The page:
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Managerial Problems with the Performance Review Process

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Managerial Problems with

the Performance Review Process

Most employees do not look forward to performance reviews neither do managers like to give them. But in today’s companies, performance reviews are a necessary tool. They are used to promote employees, to compensate for jobs well done, and most of all, to allow for the employee to know how well they perform. Due to poor performance reviews, many employees are terminated each year. Many of these terminations are contributed to poor decision making on the part of the manager performing the review.

The first problem associated with managers is that the standards for which the employee must meet are not clear and concise. The employee should understand exactly what is expected when hired. Many times this is not the case. Inadequate training and unclear expectations leave employees with a lot of uncertainty regarding what is expected. Expectations should be clearly stated and there must be adequate job training. Employees should be able to repeat these standards and be expected to follow them. The standards should be written down to allow for the employee to sign and receive a copy stating exactly what was expected and that the employee understood what was expected. This signed document can always be used later if disciplining the employee is necessary for failure to comply.

The second issue is primacy error. (Ostrow, 2006). Primacy error occurs when the manager’s opinion of someone from the beginning never changes regardless if the employee shows improvement. This is allowing first impressions by the manager to make decisions regarding an employee’s performance review. Managers need to allow for the performance of the employee to direct their decision making on the evaluations. If someone shows improvement, the performance review should reflect this. Too many times this is not the case. Some managers seem to display the attitude of once a bad employee, always a bad employee.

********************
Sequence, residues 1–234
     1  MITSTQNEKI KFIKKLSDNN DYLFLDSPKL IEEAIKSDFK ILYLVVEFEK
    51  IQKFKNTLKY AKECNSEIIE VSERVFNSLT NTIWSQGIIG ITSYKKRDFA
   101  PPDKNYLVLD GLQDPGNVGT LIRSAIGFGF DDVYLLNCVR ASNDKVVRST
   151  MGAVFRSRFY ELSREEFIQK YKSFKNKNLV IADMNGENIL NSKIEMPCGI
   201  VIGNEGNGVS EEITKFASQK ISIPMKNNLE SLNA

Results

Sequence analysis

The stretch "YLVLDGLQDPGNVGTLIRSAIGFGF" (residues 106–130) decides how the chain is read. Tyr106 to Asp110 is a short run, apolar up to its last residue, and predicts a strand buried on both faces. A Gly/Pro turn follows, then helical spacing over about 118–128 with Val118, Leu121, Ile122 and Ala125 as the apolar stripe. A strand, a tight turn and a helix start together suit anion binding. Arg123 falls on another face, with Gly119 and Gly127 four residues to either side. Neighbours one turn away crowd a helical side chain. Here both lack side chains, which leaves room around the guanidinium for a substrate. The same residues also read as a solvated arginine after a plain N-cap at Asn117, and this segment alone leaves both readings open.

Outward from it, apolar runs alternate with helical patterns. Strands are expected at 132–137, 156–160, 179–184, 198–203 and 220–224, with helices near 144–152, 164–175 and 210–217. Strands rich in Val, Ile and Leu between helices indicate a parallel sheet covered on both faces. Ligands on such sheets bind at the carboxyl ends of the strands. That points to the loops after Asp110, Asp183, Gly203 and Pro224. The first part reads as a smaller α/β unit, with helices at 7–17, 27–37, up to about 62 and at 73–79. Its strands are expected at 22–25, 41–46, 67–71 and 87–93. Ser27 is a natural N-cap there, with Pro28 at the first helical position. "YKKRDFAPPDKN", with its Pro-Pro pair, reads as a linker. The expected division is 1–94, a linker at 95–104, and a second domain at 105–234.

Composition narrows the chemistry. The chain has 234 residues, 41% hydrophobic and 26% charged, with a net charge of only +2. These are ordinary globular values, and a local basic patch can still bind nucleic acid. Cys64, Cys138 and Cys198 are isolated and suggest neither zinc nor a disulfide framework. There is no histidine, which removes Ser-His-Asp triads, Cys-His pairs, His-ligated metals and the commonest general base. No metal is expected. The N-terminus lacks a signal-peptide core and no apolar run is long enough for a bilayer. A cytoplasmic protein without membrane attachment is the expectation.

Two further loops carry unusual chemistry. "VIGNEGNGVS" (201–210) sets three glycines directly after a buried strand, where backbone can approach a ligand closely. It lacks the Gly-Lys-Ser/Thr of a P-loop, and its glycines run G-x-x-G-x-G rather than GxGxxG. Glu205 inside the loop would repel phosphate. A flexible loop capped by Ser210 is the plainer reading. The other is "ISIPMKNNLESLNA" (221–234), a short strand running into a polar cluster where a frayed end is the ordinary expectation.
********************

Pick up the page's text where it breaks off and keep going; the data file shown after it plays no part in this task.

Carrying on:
The third problem is that employees do not realize there is a problem until the yearly performance review. Good managers should observe the performance of the employee throughout the year and provide corrective feedback as soon as problems occur; not just once a year. If the employee is doing something that the manager finds unacceptable, and is not corrected, the employee will feel it is an acceptable action. A follow-up meeting should occur in the near future to allow the manager and employee to see how things are going after corrective feedback is given.

The fourth problem is that managers are too vague about problems dealing with employees and that the employees were not really sure what to do to correct the problem. The manager must provide detailed feedback in order for the employee to correct the issue. The manager should focus on a single problem and work out a specific solution that is attainable by the employee. Some problems may be a trait or a habit of the individual that may not be correctable. Managers should not allow for their biases regarding an employee to get in the way of the real problem at hand.

The fifth problem associated with managers is that documentation of the problems connected with the employees was poor and sometimes non-existing. What would you rather have when the time comes to prepare for a wrongful discharge allegation: your memory of three years of events against those of your employee, or three years of detailed employee evaluations that showed continued performance problems? (Margrave, 2000, p. 13). Management must be able to provide clearly, written documentation that states the time, date, and the actions of the employee. Without accurate documentation, there’s no history of the action occurring. Upon discipline of an employee, or even termination, all documentation of the employee will need to be reviewed. Without a paper trail, the manager’s complaints will not be justifiable. If an employee is terminated and the case goes to court, attorneys will ALWAYS request the documentation to prove that termination was justified; otherwise the case will be dismissed and the employee’s job reinstated.

The sixth problem is

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